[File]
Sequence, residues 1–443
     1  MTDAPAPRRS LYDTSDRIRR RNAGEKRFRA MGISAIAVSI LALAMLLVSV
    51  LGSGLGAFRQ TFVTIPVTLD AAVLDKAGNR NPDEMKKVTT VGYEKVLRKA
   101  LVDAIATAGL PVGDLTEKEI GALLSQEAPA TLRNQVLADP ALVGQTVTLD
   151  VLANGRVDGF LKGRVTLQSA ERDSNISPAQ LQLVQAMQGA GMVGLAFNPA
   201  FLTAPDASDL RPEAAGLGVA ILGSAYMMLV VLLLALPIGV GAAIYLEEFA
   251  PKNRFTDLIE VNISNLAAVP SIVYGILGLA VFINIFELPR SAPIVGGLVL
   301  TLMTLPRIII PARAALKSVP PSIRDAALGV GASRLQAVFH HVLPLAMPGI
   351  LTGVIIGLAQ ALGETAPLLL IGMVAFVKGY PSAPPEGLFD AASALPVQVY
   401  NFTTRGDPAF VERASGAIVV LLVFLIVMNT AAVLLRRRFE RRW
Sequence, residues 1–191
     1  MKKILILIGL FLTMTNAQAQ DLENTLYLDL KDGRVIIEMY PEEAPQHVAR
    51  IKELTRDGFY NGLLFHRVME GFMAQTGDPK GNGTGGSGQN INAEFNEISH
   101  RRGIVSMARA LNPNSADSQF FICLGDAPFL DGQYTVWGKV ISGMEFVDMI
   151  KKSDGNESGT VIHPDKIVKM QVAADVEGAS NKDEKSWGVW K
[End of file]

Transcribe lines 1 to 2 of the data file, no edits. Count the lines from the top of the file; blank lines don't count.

Sequence, residues 1–443
     1  MTDAPAPRRS LYDTSDRIRR RNAGEKRFRA MGISAIAVSI LALAMLLVSV